Yet in its day it was produced on a fairly large budget and was so popular that it spawned a second, follow up series - "More Contrary".
It made stars of both female singers who were involved in a regular weekly spot, namely Joan Regan and Ruby Murray, the latter a discovery of the producer of the show, Richard Afton.
It introduced to the television world Katie Boyle who later went on to become the popular hostess of the Eurovision Song Contest, pre Terry Wogan. Coming from a real life aristocratic background , she was billed in the Radio Times under the exotic banner "And presenting Viscountess Boyle".
The show also made an international personality of the somewhat camp ladies hairdresser, "Raymond of Mayfair", more commonly known as the legendary "Teasy Weasy". This gentleman went on to fame and riches and became a well known racehorse owner, winning a Grand National with his horse "Rag Trade" in the sixties.
The show ran on a monthly basis, each show being one hour long. Every one ran in a midweek spot on a Wednesday evening. The first show aired on 4th. November 1953, ( a little earlier than was previously thought.), and starred the old music hall comedian, Jimmy Wheeler, whose memorable catchphrase at the end of each of his acts was "Aye, aye, that's yer lot!"
In the early fifties, around nine o'clock, when the show ran,
most women were still expected to be preparing their husband's supper, so it was a somewhat bold (and possibly experimental) piece of scheduling which presented a light entertainment show with a definite feminine slant. At the time, the BBC was still a bastion of the "heavier" and more intellectual end of programming. The schedules still contained Sunday night plays like "Euripides" and "The Duchess of Malfi", so venturing forth with a mixture of music, dance, comedy and a live "ladies hairdressing" slot must have given the powers that be, some trepidation. In fact the Radio Times billed it, somewhat timidly at the time, as "A New Kind of Show".
The show always opened with the said Viscountess Boyle, being shot in close up, smiling winsomely through a garland of flowers, while the camera panned slowly around her and Ray Martin and his Orchestra played the show's theme tune "Moonlight and Roses". That was the full extent of her contribution. This former "Vogue" fashion model was employed merely as what would now be termed "eye candy". And thus started Katie's illustrious TV career.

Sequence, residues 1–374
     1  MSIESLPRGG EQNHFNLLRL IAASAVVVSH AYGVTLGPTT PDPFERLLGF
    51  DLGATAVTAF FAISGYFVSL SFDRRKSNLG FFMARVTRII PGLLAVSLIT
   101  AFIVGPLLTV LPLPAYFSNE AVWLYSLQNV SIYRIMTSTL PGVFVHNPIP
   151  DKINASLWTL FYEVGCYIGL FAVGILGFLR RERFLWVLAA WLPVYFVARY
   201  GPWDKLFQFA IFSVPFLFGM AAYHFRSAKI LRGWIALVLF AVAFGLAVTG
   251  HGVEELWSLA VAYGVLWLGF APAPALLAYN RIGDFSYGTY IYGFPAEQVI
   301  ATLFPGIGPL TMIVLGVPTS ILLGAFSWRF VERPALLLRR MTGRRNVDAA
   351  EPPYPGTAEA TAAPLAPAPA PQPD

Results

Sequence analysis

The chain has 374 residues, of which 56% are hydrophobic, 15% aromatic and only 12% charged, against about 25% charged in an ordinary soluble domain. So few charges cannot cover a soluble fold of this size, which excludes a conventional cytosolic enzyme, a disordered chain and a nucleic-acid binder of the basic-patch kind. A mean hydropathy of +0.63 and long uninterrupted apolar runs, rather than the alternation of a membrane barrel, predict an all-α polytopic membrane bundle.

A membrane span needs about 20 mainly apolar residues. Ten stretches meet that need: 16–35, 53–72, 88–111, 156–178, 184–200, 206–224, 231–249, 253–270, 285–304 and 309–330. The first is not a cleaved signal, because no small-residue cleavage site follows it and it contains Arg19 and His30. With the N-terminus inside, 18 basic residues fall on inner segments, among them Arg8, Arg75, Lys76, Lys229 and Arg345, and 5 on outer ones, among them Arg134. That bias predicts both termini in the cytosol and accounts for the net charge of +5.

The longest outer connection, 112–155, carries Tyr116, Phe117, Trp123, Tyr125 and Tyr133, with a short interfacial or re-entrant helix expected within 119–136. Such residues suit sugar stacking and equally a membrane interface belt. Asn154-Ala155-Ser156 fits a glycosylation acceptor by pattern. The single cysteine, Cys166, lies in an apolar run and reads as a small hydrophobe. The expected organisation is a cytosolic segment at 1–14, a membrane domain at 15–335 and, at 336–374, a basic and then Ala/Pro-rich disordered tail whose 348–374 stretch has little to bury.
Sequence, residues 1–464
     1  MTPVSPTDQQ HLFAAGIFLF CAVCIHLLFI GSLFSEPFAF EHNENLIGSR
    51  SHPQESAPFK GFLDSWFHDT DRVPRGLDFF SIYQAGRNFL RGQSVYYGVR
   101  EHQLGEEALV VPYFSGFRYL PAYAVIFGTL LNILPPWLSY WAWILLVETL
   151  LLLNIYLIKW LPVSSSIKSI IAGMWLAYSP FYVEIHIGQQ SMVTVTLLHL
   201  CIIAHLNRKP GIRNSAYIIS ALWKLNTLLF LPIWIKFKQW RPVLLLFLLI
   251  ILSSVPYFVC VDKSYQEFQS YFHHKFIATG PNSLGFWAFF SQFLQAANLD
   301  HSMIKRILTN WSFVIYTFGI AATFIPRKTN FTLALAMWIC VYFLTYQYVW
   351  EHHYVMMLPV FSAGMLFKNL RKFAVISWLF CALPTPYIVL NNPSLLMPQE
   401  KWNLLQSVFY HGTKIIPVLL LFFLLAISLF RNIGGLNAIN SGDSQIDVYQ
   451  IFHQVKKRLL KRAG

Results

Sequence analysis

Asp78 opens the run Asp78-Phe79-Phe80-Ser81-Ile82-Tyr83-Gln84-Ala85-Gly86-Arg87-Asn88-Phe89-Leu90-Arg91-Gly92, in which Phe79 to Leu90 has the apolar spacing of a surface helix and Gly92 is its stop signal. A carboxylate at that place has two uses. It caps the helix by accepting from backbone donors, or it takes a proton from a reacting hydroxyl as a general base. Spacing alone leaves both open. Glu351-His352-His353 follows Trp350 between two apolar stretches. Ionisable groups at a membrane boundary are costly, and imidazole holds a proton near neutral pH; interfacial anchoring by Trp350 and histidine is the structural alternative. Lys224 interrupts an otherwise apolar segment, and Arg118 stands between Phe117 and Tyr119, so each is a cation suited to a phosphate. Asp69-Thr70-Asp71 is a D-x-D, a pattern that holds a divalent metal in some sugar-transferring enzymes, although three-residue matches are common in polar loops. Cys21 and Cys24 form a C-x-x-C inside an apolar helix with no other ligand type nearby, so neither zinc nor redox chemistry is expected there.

The first series ran for nine months until the last "Quite Contrary" on 18th. August 1954.
After only three months, Ray Martin and his Orchestra left the show due to other commitments and were replaced by "The Silver Belles", conducted by Frank Fletcher.
This ensemble provided the main music for the rest of the series.
What made the series really take off though was the solo singing spot occupied on each show by the then virtually unknown, Joan Regan. Glamorous and with an individual singing style, Joan's career really blossomed with this new mass exposure. In May 1954 her song "Someone Else's Roses" which featured in the show, reached number 5 in the British charts and her career went from strength to strength , so much so, that on June 23rd. after completing her May show with guest stars, Bert Weedon and Al Koran (providing a touch of magic),
Joan made way for the totally unknown and very young, Ruby Murray, making her television debut. (I can still remember how nervous this shy, young Irish girl looked on her first appearance.). Joan reappeared in the July 21st. show, for what was to be her final appearance in this vehicle. On August 18th., Ruby Murray made her second showing before the cameras in what was to be the final show of what had proved to be a very successful series. However, it was to be in the follow up series, "More Contrary" in the following year, 1955, that Ruby's career was to go into orbit, when she became the singing sensation of 1955, having at one time, five simultaneous hits in the British top twenty. It was on this show that she sang her mega hit "Softly, Softly".
The full cast of the last show of Quite Contrary was as follows. (Note the demotion of the Viscountess!)
Raymond of Mayfair
The Littlewood Songsters
The Television Toppers
The Silver Belles ( conducted by Frank Fletcher)
Devised and produced by Richard Afton.
So there we are, fellow Turnips. Surprising what can be divulged with the aid of both keys! Whether any of this matters or not is a moot point, but I, for one can now die happy. (Or did I dream it all up?). I was beginning to wonder.